Sunday, May 22, 2022

Just Finished My Latest Study/Trial ...


... which is my second for Radicle Science (not an affiliate link).

This was a trial for improving sleep quality. I took the substance every day per the study directions.

What did I receive/take?

It may have been a single agent, CBD or melatonin.

Or it may have been a combination: CBD + CBN,  CBD + CBN + Melatonin, CBD + CBN + CBC, or Full Spectrum Hemp Distillate + CBN.

Whatever it was, I can't say that I noticed any improvement in my quality of sleep. As directed, I took it about half an hour before I planned to go to bed at night, with food, and didn't notice that I was any sleepier or less sleepy when I tucked in than usual, or that I got to sleep any more quickly or any more slowly than usual, or that I slept longer or for less time than usual, or that I felt any more or rested than usual upon awakening.

Now that I've completed the trial, some time soon Radicle will let me know what it was they had me take. 

I am hoping that it was not anything containing CBN, because based on conversations with friends it's supposed to be a real sleep improver and I've had high hopes for it. In fact, I was planning to buy some and then this study came up so I decided to wait.

I know that CBD improves my sleep (and slightly reduces my chronic nerve pain) because I've used it, both in a previous study and by purchasing it myself. So I'm guessing that I either got melatonin alone (in a low dose -- when I use it, I generally use 10mg before bed and it helps a little), or or very low dose CBD alone, or Full Spectrum Hemp Distillate + CBN with very little CBD in the "full spectrum hemp." But I guess I'll know soon.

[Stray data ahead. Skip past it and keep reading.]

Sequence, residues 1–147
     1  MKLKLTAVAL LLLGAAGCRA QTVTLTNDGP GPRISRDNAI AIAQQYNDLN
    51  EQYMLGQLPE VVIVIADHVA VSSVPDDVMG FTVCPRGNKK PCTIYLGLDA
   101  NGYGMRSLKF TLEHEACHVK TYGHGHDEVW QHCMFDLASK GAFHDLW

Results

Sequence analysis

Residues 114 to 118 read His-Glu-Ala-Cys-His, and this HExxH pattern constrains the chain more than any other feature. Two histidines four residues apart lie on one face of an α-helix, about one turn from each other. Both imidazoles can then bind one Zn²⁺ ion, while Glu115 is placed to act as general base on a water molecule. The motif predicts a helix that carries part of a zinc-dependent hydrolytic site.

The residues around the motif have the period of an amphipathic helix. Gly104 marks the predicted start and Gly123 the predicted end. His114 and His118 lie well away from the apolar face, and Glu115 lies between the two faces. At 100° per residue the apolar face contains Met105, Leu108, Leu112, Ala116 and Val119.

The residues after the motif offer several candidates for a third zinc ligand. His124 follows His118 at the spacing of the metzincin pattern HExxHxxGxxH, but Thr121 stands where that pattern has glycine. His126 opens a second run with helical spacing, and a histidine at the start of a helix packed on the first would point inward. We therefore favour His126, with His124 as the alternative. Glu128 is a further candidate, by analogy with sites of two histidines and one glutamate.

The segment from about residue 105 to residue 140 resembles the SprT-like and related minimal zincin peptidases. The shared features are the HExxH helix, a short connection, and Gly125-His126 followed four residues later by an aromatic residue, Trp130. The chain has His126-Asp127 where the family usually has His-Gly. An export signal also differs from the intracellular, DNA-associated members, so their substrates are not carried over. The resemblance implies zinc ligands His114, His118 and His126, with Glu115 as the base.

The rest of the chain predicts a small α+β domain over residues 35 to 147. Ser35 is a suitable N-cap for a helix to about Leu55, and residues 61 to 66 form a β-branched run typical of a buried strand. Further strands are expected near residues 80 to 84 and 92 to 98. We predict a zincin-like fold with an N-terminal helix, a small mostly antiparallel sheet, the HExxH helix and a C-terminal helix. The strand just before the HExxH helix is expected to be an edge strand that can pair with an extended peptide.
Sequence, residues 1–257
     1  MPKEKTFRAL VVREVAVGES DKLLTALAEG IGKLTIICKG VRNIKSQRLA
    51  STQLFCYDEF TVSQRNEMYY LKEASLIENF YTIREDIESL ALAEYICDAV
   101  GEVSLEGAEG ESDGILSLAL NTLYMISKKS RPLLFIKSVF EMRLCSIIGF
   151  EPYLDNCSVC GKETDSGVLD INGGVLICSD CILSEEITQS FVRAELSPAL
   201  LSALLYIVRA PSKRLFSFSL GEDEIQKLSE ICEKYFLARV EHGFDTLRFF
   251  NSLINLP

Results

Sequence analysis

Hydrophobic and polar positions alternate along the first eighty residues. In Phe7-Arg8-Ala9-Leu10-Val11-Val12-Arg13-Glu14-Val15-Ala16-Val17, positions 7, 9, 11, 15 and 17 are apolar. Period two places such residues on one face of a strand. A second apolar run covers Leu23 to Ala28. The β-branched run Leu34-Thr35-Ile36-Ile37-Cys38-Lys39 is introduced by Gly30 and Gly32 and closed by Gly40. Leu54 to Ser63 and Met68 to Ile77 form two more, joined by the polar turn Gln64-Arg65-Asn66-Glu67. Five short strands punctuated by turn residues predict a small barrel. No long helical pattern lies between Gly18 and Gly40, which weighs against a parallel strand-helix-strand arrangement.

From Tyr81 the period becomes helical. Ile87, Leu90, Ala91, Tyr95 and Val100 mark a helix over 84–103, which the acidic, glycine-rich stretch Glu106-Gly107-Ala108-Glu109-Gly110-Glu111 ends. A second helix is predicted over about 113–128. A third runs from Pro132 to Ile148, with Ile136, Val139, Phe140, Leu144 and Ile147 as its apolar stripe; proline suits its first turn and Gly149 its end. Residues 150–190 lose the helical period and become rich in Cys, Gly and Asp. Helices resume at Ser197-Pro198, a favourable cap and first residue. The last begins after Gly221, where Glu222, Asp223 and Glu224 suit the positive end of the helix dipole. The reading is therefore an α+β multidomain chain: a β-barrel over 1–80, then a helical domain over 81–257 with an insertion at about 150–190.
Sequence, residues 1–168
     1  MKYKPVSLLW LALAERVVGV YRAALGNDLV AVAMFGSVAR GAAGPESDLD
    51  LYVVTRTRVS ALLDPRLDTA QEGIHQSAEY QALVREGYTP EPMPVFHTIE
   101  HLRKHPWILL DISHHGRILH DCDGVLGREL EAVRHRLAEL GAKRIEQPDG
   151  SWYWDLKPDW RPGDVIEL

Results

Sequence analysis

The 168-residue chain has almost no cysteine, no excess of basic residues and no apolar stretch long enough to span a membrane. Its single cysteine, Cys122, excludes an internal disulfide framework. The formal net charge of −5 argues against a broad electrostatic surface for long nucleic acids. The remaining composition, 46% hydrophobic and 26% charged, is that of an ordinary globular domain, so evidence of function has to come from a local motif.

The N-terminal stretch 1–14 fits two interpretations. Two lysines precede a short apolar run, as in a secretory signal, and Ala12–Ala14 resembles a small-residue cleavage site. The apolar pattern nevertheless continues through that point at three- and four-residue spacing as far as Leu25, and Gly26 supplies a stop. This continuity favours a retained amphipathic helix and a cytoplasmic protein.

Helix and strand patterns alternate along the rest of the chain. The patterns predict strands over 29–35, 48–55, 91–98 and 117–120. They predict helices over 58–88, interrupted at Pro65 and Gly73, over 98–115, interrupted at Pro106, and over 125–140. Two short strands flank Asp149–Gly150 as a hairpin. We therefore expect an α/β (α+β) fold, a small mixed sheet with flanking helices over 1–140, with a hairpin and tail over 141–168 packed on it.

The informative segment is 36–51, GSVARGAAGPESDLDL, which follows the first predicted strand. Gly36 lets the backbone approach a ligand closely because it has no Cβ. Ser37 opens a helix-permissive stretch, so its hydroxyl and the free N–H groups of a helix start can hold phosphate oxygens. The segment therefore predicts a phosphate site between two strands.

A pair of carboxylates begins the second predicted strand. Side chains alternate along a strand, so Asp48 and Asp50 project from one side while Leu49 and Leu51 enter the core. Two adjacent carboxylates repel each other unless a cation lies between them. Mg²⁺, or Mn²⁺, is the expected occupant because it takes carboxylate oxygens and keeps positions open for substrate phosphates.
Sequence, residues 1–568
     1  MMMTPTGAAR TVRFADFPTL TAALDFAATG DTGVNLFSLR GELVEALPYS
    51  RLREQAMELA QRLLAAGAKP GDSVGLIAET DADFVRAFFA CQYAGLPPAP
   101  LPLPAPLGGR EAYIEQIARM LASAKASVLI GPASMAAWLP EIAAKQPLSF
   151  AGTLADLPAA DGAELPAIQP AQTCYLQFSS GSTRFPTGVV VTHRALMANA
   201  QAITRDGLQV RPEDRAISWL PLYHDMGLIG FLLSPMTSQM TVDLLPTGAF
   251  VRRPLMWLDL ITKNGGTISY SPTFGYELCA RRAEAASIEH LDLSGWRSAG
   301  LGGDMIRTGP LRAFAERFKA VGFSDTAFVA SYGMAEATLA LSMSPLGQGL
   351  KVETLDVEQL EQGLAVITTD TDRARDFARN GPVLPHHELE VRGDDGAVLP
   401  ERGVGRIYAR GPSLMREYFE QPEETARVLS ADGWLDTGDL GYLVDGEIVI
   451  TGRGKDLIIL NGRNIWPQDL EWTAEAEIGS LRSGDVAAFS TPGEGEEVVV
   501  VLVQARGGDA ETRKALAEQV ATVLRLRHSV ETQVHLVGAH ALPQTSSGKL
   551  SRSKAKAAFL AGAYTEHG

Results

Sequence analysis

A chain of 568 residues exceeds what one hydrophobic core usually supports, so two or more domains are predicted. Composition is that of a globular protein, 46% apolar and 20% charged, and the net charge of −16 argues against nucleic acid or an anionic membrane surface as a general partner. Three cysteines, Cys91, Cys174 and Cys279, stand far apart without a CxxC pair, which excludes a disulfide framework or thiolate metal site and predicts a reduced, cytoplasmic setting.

New Tales of Knapp the Gardener Agonistes


I can't say I'm disappointed, but I am realizing that I didn't do a great job with this attempt at a garden.

The zucchini was beautiful. Two plants. I harvested one sizable ripe squash. Then some kind of critter treated the plants like a buffet, ate most of the little baby squash, and broke both plants at the main stem near the ground. So the plants are composting now.

I thought I planted plenty of peas, but they didn't seem to do well. I don't know if I didn't water them enough, or if I watered them too much (that's what I suspect), or if the soil just wasn't right for them (I also suspect that). From a whole row of planting (IIRC, 13 plants), only seven or eight survived and only five produced pea pods. When they looked ripe yesterday, I picked them, pulled up the plants and put them in the compost bin, and realized I had about enough for one good stir-fry. May do that with the peas, the zucchini, and stuff from the store (onion, pepper, cauliflower) tonight.

I'm pretty sure I did plant plenty of green beans, and they're about ready to pick. Hopefully more than one family meal's worth, probably cooked with baby/new red potatoes, a bit of bacon, etc.

There's leaf salad ready to pick and have in salads and I will probably do some of that that this week.

The corn plants have tasseled.

Some of the peppers have started flowering, and it looks like I've got a couple of tiny cayenne actually fruiting.

The cherry tomatoes look good. They're still green, but definitely going well.

The cucumbers are doing too well. I unthinkingly planted a whole row of them and they are going gangbusters. Problem: I don't eat cucumbers (they make my mouth break out), and there will be way too many for e.g. Tamara's salads. We may try pickling, but pickles aren't so popular in our household that it would really be worth the effort. Next time, it will be one or two plants.

The cantaloupe is flowering and hopefully about to fruit. I'm looking forward to harvesting a cantaloupe of an evening, sticking it in the fridge over night, then cutting and eating cold cantaloupe the following morning for breakfast.